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- PROOF Signal: The Pioneering Digital Art of Herbert W. Franke
PROOF Signal: The Pioneering Digital Art of Herbert W. Franke
In today’s edition:
ZENTRUM by Herbert W. Franke curated by Anika Meier and EXPANDED.ART
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The PROOF Merch Store launches November 20!
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Merch Store launches Nov 20 👕
The capsule collection for the new merch store kicks off on November 20.
You’ll be able to order basics like hoodies, t-shirts, and hats designed by PROOF Co-Founder Justin Mezzell. Keep your eyes open for the launch!
Here is a quick teaser 👀
The Oddities Hearth is closed + more important dates 🗓️
The burn window is officially closed for Oddities as of November 15. This means we’ve locked in the maximum collection size for Oddities, and the only way to get a Mythic is with a Mythic Egg.
What if you’re one of the few who haven’t hit Diamond Nest yet? Good news - On December 1, we’re unlocking all nesting rewards. You’ll have one month to claim your rewards if you haven’t already. Bronze, Silver, Gold, and Diamond rewards will be unlocked and you’ll have until December 31 to claim everything.
50 Mythic Eggs will continue to activate daily and holders will have until April of 2024 to hatch/reveal their eggs.
ZENTRUM by Herbert W. Franke: Nov 21 🖼️
The collection is 200 pieces and will be dropped through a public Dutch Auction with a rebate. PROOF Collective holders will get an additional 5% discount at the settled price if they bid on a piece.
Learn more about Zentrum from the curator Anika Meier in the guest post below. ⬇️
Command + A November voting round begins Nov 14
LaunchpadWeb3 Coming Soon
Last week we shared information about Gator’s Lunar Society-approved project called LaunchpadWeb3. It is a platform to learn more about projects and general web3 topics.
All Moonbirds will get free access. If you’re a PROOF Collector or Mythic holder, you can now enter into a Premintraffle for access on Discord!
Nix.eth’s Genesis art drop: Treeangles
Shout out to Nix.eth, who’s releasing his genesis drop called Treeangles. Each piece is a unique portrait of a tree set in a range of environments, generated in a unique genetic algorithmic style he has been developing since 2021. It resides entirely on-chain, ensuring that the art, metadata, and history (through Story Inscriptions) will endure forever.
Check out the Premint raffle in discord to learn more about how to get allowlist access.
PROOF and EXPANDED.ART Present ZENTRUM
Anika Meier is a writer and curator specializing in digital art and digital communication and is building EXPANDED.ART. She writes a column for the German art magazine Kunstforum titled STATUS UPDATE about the developments around the topic of NFTs in the field of art.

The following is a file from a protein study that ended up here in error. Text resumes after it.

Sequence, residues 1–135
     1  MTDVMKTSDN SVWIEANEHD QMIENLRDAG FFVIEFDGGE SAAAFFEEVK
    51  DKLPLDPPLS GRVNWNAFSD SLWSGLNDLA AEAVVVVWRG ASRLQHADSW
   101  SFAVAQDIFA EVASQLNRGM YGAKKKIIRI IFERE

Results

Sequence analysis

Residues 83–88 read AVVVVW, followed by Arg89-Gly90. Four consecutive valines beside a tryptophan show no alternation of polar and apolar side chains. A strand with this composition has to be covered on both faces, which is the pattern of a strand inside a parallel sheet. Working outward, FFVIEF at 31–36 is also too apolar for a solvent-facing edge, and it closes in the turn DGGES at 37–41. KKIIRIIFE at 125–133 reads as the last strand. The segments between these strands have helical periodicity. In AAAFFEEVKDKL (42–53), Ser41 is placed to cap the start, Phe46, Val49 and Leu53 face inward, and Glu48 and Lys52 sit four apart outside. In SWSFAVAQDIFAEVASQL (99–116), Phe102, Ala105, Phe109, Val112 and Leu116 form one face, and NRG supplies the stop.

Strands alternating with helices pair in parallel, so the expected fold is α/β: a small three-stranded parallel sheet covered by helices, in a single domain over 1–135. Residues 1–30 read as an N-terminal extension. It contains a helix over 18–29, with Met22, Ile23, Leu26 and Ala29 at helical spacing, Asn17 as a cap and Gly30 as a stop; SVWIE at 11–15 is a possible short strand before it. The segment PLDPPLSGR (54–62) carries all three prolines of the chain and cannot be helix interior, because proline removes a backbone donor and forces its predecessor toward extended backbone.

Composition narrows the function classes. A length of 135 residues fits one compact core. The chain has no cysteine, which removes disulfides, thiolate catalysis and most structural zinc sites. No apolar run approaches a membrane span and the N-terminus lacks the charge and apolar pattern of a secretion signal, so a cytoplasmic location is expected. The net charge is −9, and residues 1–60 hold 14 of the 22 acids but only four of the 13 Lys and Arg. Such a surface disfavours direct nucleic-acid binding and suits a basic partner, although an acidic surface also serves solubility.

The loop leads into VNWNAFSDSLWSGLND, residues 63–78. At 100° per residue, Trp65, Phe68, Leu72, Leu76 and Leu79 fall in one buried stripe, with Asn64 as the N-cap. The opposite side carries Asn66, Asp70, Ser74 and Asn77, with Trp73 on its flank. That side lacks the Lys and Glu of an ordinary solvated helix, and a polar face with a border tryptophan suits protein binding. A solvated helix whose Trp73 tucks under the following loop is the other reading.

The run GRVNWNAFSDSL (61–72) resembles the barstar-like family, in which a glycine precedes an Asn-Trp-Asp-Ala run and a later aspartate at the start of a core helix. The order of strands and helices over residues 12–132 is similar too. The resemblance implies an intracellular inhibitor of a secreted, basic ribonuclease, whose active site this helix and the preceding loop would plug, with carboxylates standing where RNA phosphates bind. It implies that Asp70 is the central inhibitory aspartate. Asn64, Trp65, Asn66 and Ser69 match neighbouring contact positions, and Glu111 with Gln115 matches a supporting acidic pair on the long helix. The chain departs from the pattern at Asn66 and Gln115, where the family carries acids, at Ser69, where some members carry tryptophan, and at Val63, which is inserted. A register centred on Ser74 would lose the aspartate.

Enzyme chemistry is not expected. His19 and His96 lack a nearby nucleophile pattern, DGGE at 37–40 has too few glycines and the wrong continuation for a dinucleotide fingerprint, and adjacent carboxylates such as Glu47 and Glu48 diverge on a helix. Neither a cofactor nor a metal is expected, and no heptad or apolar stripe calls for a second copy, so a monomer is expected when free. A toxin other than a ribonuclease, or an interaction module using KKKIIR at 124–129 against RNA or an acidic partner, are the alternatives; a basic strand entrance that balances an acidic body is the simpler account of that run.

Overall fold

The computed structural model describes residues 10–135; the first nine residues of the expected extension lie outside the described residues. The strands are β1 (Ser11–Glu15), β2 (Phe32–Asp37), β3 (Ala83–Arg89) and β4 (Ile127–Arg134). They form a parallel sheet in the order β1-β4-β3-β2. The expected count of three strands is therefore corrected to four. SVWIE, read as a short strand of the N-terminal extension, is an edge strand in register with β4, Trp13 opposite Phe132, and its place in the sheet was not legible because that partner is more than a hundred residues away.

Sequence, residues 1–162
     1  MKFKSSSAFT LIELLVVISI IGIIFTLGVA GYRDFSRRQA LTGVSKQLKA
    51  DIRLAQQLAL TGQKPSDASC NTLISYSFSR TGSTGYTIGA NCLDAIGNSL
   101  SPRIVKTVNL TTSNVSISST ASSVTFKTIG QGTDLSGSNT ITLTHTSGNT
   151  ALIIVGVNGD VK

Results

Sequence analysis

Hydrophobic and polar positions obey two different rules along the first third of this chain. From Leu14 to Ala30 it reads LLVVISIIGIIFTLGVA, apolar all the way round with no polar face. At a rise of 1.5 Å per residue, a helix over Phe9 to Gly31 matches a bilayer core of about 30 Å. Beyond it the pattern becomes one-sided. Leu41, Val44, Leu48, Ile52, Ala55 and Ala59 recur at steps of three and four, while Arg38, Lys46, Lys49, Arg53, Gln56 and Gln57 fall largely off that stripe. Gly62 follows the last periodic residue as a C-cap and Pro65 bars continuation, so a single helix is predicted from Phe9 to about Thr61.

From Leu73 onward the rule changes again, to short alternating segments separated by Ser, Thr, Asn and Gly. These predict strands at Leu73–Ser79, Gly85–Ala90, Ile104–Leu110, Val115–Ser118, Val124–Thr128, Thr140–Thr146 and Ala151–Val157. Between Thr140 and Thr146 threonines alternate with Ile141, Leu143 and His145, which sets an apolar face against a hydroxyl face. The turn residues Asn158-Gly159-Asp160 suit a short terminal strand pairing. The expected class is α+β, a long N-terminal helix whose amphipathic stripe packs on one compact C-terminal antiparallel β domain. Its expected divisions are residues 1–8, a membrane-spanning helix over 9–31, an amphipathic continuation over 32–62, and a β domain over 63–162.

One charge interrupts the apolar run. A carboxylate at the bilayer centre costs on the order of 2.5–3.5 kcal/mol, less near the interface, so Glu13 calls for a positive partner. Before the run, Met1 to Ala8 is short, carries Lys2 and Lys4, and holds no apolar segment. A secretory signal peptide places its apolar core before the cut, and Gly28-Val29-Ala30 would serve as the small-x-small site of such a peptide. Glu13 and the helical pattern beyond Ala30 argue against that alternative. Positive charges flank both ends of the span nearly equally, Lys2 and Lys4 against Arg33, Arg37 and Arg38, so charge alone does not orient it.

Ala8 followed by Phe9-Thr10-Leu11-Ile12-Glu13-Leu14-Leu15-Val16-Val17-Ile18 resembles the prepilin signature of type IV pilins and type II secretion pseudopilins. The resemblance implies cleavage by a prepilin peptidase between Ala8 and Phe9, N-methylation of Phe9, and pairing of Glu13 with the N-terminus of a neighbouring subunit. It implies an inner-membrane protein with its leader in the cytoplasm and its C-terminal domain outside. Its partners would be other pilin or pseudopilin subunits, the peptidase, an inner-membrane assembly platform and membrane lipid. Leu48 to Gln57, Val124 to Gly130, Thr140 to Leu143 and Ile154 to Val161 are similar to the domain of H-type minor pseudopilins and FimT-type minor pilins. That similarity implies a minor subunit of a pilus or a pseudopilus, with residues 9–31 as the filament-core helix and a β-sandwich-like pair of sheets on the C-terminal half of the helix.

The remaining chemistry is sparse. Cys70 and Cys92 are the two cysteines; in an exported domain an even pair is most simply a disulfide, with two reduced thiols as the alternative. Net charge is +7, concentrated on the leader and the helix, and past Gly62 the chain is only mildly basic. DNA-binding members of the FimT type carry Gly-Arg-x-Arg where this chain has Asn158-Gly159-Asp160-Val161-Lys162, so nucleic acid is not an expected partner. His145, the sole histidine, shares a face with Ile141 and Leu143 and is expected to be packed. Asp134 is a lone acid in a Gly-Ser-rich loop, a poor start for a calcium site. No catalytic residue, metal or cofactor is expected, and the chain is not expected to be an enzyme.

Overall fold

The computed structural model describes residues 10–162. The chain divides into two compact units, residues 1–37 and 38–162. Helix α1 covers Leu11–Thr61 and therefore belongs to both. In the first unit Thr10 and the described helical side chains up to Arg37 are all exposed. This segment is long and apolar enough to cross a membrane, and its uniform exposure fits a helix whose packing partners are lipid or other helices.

PROOF and EXPANDED.ART are delighted to present ZENTRUM in collaboration with the Foundation Herbert W. Franke and curated by Anika Meier. The original code from 1982 exists in Basic as well as a text by Franke; the program still runs on the Apple II.
Aaron Penne, artist and director of engineering at Art Blocks, wrote the code for today's software and hardware in conversation with Susanne Päch, wife of Herbert W. Franke. She supported Franke with feedback when he coded ZENTRUM.
ZENTRUM is a dynamic, endlessly running abstract animation made of structural elements and random codes. The random generator ensures that each endless loop is unique. For ZENTRUM, Franke had to make do with the limited computing capacity that a home computer offered at the time. Despite this limitation, it was important to him to develop moving sequences even in his first programs for the Apple II. He considered the movement to be a pioneering digital innovation. The combination of dynamic image sequences and music, as well as the interactivity, were already groundbreaking in his MONDRIAN program code, developed in 1979 for the Texas Instruments home computer.
In a manuscript from 1984, an article for one of the earliest home computer magazines, Franke looks to the future: “Certainly not everything that is created with the help of computer programs has artistic value, but why shouldn't these simple beginnings one day create something that is on a par with the great works of painting.” Franke was clear that such PC programs were the beginning of a far-reaching development for art in the future. He wanted to be actively involved in a development that would open up this potential for art.
Franke used a television at the time because he didn't have an Apple monitor. He didn't know that you couldn't change the contrast of the colors on an Apple monitor. The colors would have been very saturated on the Apple monitor. He himself worked with a television on which he could adjust the contrast. His color world of ZENTRUM is documented using historical video clips and photos. Aaron Penne worked with these recordings, adopted the colors in the adapted code, and simulated the aesthetics of the surface of a CRT monitor.
This Week in PROOF Media
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